Employment Outlook 2018: Where Are the Jobs of the Future?

Sudha 21/11/2017

For those of us who feel underemployed, this question remains a perennially unanswered one. Long term economic analyses have identified the continuing demise of the local manufacturing sector. Employment growth has been around half of what is was prior to the Global Financial Crisis in 2009. Health care and social assistance have been growth areas, but manufacturing is down 6.4% and agriculture, forestry and fishing are down by 6.6%. We are living in an era of increasing automation and the outsourcing of manual labour overseas. It is not a good time to be working with your hands, when even heads are, now, being replaced by computers.

Employment Outlook 2018: Where Are the Jobs of the Future?

The Australian government’s Department of Employment projects growth in health care and social assistance; education and training; retail; professional and technical services; construction; accommodation and food services; public administration and safety; transport and warehousing; financial services; wholesale trade; and real estate services and hiring; and utility services. Mining; agriculture; and manufacturing are all heading south – and they are traditionally large employers. Our ageing population means that healthcare and social assistance will be a strong growth area for many years to come.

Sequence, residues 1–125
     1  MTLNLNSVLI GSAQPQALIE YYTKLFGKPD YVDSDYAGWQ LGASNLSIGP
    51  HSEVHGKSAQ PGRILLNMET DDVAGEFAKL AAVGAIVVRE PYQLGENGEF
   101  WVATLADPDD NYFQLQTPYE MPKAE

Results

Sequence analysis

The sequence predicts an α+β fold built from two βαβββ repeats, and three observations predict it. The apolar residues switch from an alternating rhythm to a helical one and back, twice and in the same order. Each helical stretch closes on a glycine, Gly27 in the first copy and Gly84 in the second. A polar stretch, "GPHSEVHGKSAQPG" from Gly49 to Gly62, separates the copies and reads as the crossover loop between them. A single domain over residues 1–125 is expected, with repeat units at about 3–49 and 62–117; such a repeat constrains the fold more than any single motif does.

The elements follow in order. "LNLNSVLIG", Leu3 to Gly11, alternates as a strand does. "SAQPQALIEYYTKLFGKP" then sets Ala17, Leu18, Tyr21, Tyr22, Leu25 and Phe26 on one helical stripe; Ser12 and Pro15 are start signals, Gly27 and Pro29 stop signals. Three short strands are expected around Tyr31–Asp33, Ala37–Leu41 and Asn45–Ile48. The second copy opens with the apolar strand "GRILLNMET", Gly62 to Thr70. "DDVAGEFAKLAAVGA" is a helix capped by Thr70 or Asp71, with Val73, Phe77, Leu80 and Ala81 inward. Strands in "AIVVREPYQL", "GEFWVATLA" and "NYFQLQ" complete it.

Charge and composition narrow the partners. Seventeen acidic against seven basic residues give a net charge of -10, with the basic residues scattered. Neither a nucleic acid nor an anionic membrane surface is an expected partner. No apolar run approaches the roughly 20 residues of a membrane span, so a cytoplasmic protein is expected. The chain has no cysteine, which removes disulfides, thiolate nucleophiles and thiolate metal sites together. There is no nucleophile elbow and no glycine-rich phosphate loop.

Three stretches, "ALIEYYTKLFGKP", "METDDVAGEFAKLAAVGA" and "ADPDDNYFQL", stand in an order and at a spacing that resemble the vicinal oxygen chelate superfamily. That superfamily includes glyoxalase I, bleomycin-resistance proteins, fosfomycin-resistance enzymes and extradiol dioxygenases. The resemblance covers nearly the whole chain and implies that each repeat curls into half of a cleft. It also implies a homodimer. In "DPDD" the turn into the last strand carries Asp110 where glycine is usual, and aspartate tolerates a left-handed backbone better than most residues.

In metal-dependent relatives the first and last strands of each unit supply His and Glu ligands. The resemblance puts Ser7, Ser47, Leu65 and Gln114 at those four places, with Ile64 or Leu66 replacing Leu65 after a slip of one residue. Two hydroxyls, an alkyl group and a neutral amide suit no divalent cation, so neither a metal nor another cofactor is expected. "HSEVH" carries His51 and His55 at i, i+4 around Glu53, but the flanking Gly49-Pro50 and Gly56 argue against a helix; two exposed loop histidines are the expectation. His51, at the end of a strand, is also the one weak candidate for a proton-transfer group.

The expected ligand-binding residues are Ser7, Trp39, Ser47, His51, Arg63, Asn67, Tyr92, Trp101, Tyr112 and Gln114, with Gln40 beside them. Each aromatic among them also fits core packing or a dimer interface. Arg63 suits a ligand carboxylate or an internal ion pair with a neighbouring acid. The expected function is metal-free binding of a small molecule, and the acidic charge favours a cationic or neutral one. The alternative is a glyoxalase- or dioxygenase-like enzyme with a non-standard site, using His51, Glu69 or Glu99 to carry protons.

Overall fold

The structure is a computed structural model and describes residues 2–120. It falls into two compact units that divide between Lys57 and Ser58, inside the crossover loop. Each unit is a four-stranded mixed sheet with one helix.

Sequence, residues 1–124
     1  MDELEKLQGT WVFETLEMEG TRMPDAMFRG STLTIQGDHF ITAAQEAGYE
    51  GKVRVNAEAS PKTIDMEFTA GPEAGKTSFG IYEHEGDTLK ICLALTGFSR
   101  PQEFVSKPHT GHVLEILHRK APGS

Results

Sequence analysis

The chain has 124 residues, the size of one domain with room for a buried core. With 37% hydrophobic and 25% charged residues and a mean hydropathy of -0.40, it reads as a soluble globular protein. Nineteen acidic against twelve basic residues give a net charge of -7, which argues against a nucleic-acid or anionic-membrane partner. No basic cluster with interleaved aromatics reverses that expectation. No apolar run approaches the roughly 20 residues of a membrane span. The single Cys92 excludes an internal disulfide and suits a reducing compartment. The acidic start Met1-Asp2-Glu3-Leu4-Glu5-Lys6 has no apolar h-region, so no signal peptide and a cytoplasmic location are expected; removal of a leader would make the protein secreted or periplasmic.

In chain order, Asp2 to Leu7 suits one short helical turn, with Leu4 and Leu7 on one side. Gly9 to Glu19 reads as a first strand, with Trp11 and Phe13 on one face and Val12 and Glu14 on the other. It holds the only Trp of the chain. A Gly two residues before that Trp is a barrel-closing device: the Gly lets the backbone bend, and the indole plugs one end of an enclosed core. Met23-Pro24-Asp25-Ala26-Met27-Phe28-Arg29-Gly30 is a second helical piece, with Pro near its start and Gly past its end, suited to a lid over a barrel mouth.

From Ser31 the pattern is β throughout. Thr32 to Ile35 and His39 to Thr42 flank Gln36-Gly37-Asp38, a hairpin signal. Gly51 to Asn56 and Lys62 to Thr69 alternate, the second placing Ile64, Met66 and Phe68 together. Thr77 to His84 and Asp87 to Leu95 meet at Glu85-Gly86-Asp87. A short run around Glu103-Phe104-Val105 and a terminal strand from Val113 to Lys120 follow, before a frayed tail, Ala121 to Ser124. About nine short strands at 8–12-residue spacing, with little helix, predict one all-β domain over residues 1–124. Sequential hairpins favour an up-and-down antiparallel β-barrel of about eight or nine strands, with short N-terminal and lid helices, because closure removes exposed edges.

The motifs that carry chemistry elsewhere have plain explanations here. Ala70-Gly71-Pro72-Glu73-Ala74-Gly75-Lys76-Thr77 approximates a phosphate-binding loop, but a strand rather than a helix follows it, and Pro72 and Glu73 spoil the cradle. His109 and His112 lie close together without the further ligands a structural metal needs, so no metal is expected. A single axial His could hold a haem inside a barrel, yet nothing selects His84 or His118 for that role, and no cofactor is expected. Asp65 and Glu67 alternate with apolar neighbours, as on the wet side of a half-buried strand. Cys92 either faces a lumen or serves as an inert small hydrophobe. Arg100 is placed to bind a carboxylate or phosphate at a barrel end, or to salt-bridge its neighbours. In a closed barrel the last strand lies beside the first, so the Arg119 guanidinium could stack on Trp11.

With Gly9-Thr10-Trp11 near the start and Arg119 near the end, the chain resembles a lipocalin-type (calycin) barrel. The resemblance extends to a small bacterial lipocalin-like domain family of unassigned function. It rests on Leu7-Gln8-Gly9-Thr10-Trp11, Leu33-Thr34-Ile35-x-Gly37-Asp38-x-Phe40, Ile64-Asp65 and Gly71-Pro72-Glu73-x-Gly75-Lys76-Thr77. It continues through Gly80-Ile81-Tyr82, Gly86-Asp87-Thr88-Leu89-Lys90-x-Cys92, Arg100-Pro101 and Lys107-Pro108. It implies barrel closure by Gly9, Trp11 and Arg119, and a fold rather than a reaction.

Becoming a chef remains a good career move. A hospitality career, if you can really make a career in an industry so strongly predicated on casual and part time labour, is placed in the government’s top 3 growth areas of employment in 2018. Healthcare sits above food services, so medical training can be invaluable to those looking for work going forward. Australia is an island continent, with a handful of capital cities on its coastline servicing its population in the main. Real estate is expensive, and the dream of home ownership is fast fading for large sections of the population.

The wealth of the country is being refined into the grip of a smaller section of society and service industries are springing up to cater for the needs of the wealthy. Inequality is growing much faster than employment levels or opportunities in the great southern land. Education is more important than ever, with physical jobs disappearing and, now, midlevel management positions being replaced by automation. Tertiary qualifications are essential for the jobs of the future, especially the better paid jobs. Employment growth levels for those with a degree are predicted to be considerably higher than those with lesser training levels.

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